Answer: Attorney may give educational seminars.  It is permissible for information about Attorney’s legal services to be available at the seminar for inquirers, but Attorney may not initiate the in-person solicitation of legal business.  The promotion of Attorney’s services or offering of a discount certificate at the seminar would constitute in-person solicitation prohibited by Rule 4-7.3.  Attorney may not violate Rule 4-7.3 through the actions of another, including a non-lawyer co-presenter at the seminar. See Rule 4-8.4(a).  Attorney may mail attendees a solicitation letter after the seminar if the written solicitation complies in all respects with Rule 4-7.3, Direct Contact with Prospective Clients.

2018-14
Rules 4-6.2; 4-1.1

Question: Attorney was appointed by the court to represent a client in a matter dealing with an area of the law in which Attorney has no prior experience. How should Attorney respond to the appointment?

Answer: Rule 4-6.2, Accepting Appointments, prohibits a lawyer from seeking to avoid appointment by a tribunal to represent a person except for good cause, such as where representing the client is likely to result in a violation of the Rules of Professional Conduct or other law; representing the client is likely to cause an unreasonable financial burden on the lawyer; or the client or cause is so repugnant to the lawyer as to be likely to impair the client-lawyer relationship or the lawyer’s ability to represent the client.  Attorney has an obligation per Rule 4-1.1 to provide competent representation to the client.  Competent representation requires the legal skill, thoroughness, and preparation necessary for the representation.  Comment [1] to Rule 4-1.1 provides relevant factors for determining whether Attorney employs the requisite knowledge and skill in the particular matter. Attorney need not necessarily have special training or prior experience in order to handle unfamiliar legal problems with competence.  Rule 4-1.1, Comment [2].  Attorney should not seek to avoid the appointment based on Attorney’s unfamiliarity with the legal subject matter unless the requisite level of competence cannot be achieved through necessary study and reasonable preparation.  See Rule 4-1.1, Comments [2] and [4].

2018-15
Rules: 4-1.5; 4-1.15

Question 1: Attorney charges Client $2,500 in advance for representation in a matter.  May Attorney deposit any portion of the $2,500 directly in the operating account before fees are earned or expenses incurred?

Answer 1: (Note: This opinion is based on Rule 4-1.15(c) effective January 1, 2019.)  Rule 4-1.15(c) requires a lawyer to deposit into a client trust account legal fees and expenses that have been paid in advance, to be withdrawn by the lawyer only as fees are earned or expenses incurred, except that an advanced flat fee which does not exceed $2,000 may be deposited into an account other than a client trust account. Unless Attorney has clearly communicated with the client, preferably in writing, that $2,000 or less of the advanced payment constitutes the flat fee covering the entire matter, the advanced payment of $2,500 must be deposited in the trust account, to be withdrawn only as fees are earned or expenses incurred.  See also Rule 4-1.5(b).  If Attorney has communicated with the client, preferably in writing, that $2,000 or less of the advanced payment constitutes the advanced flat fee covering the entire matter, Attorney may deposit in the operating account the advanced flat fee.  The advanced payment of expenses must be deposited in the trust account, to be withdrawn only as expenses are incurred.  All fee and expense payments are subject to refund to the extent the attorney-client relationship is terminated prior to the advanced flat fee being earned or expenses incurred.  Rule 4-1.15, Comment [20]; Rule 4-1.5; Rule 4-1.16(d).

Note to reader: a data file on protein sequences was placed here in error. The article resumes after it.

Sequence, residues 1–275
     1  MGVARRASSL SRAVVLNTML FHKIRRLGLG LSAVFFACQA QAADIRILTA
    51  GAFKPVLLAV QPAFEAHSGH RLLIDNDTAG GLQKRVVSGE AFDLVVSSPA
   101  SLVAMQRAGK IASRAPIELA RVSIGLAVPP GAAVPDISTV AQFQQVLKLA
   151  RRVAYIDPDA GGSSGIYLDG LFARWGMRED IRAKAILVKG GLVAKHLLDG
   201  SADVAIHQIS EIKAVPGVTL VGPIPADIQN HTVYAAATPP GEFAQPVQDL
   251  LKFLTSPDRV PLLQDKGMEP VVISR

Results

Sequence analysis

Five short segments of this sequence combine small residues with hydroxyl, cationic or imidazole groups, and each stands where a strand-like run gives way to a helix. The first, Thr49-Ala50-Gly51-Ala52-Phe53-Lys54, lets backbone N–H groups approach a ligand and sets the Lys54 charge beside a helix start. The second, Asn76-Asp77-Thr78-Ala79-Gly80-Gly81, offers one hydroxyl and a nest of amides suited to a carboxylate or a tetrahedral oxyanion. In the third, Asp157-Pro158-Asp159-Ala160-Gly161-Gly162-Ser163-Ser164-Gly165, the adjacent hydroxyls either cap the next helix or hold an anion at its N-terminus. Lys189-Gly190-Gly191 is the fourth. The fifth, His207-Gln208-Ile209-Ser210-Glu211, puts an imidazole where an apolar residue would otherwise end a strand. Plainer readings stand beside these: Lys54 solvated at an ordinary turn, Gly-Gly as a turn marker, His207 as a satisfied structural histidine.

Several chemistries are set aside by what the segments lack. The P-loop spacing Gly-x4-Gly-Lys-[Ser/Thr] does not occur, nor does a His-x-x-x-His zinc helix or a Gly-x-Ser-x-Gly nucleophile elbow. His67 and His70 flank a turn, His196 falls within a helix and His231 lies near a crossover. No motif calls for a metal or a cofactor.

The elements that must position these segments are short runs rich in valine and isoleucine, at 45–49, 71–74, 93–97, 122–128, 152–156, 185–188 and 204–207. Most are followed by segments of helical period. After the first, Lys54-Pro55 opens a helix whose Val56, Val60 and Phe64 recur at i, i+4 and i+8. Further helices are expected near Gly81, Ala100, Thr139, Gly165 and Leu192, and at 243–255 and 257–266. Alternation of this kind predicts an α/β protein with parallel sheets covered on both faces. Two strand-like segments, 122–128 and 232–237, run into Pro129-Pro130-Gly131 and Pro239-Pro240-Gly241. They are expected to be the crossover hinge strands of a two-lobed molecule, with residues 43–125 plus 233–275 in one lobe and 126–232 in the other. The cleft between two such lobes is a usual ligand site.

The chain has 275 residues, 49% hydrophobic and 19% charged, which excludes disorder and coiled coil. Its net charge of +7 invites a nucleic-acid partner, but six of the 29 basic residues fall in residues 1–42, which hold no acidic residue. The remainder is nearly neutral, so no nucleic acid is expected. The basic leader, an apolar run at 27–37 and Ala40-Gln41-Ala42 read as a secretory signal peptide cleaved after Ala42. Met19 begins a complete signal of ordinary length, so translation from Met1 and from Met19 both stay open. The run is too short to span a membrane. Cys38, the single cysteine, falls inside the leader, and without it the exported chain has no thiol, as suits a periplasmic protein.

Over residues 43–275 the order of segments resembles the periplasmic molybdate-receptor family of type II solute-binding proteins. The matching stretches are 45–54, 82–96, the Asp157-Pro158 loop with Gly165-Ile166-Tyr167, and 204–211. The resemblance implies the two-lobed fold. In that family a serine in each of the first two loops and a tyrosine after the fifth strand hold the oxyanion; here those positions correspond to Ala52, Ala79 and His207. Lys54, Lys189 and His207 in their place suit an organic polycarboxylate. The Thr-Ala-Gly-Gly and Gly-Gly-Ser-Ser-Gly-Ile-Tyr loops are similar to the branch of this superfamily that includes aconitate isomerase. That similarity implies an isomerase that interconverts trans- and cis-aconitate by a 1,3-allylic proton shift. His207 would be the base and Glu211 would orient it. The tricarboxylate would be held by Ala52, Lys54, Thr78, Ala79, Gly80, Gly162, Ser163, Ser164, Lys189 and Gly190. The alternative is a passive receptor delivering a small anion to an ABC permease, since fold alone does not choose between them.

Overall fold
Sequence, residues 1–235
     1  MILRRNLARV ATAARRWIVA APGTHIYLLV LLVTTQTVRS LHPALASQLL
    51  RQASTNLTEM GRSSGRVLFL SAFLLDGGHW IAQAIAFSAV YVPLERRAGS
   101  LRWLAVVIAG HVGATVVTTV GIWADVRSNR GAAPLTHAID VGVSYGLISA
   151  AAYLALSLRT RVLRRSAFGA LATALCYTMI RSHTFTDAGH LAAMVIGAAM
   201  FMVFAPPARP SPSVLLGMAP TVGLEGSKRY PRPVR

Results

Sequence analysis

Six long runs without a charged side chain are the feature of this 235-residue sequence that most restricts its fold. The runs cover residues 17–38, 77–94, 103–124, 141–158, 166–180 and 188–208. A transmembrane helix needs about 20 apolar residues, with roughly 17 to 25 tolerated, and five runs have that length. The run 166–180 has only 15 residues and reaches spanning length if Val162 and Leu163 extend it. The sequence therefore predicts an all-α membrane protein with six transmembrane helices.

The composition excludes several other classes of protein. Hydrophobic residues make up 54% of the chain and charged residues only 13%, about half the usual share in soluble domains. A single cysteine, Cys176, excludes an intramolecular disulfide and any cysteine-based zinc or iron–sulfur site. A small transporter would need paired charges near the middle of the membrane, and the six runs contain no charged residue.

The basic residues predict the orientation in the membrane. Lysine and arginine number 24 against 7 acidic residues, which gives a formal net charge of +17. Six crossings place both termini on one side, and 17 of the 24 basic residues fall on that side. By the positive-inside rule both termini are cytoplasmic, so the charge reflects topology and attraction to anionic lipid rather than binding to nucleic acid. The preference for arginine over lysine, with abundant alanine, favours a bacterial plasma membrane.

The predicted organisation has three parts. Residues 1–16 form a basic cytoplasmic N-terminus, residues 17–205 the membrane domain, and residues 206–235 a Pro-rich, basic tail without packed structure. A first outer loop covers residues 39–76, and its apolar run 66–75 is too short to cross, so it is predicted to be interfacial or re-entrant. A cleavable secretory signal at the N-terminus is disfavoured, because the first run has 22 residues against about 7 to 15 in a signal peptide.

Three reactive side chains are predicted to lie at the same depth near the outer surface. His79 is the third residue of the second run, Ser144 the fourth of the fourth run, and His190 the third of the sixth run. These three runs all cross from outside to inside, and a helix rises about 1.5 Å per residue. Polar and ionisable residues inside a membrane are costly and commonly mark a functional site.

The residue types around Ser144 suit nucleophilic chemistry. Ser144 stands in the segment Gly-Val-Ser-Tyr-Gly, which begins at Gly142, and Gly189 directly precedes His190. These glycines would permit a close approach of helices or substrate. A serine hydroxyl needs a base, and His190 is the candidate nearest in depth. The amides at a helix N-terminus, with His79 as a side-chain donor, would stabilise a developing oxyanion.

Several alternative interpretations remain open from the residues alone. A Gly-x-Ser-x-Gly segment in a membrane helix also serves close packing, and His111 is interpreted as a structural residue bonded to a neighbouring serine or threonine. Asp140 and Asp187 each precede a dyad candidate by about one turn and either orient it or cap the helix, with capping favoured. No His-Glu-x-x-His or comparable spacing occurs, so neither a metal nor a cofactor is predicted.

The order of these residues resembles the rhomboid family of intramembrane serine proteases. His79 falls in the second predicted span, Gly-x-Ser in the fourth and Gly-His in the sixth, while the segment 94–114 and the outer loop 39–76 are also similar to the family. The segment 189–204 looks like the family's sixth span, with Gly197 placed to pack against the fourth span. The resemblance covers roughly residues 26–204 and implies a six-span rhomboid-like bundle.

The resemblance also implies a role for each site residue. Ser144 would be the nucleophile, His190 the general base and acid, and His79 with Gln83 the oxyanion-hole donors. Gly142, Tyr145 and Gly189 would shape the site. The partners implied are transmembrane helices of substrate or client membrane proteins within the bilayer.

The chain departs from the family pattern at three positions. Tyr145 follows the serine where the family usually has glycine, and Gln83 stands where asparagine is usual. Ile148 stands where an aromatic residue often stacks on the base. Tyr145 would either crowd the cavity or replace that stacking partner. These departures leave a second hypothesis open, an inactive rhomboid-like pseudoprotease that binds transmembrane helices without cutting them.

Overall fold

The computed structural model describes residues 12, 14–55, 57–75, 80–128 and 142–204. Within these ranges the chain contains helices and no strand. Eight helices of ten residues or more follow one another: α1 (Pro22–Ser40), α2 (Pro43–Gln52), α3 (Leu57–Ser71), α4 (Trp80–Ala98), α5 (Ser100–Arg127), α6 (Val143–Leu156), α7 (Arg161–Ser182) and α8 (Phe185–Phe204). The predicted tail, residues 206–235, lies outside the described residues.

Question 2: May Attorney deposit an advanced flat fee of $2,000 or less in the client trust account, to be withdrawn as fees are earned?

Answer 2: (Note: This opinion is based on Rule 4-1.15(c) effective January 1, 2019.) Yes. The exemption in Rule 4-1.15(c), allowing deposit in another account of advanced flat fees that do not exceed $2,000, is permissive rather than mandatory.

Question 3: Attorney charges Client a flat fee of $6,000 for representation in a matter.  Attorney charges the fee in three advanced payment installments throughout the representation.  May Attorney deposit each advanced fee installment of $2,000 in the operating account, per the exemption in Rule 4-1.15(c)?

Answer 3: (Note: This opinion is based on Rule 4-1.15(c) effective January 1, 2019.)  No.  Only an advanced flat fee which does not exceed $2,000 is exempted from the general rule that all unearned fees must be deposited in the trust account, to be withdrawn only as fees are earned.  Rule 4-1.15(c).  Installments of any amount toward an advanced flat fee of more than $2,000 must be deposited in the client trust account, to be withdrawn only as fees are earned.  Rule 4-1.15(c).

 Question 4:  Attorney charges Client $1,100 in advance for representation in a matter.  The advanced payment constitutes the flat fee, and it also will be used for expenses Attorney anticipates expending on behalf of Client.  The representation agreement does not designate what portion of the $1,100 constitutes the flat fee and what portion will be used for the payment of expenses.  May Attorney deposit the $1,100 directly in the operating account before the fees are earned or expenses incurred?

Answer 4: (Note: This opinion is based on Rule 4-1.15(c) effective January 1, 2019.)  No.  Because Attorney has not communicated to the client, preferably in writing, what portion of the advanced payment constitutes the advanced flat fee for the representation, no amount constituting an unearned fee or expense not yet incurred may be deposited in the operating account per Rule 4-1.15(c). See also Rule 4-1.5(b) and Rule 4-1.4.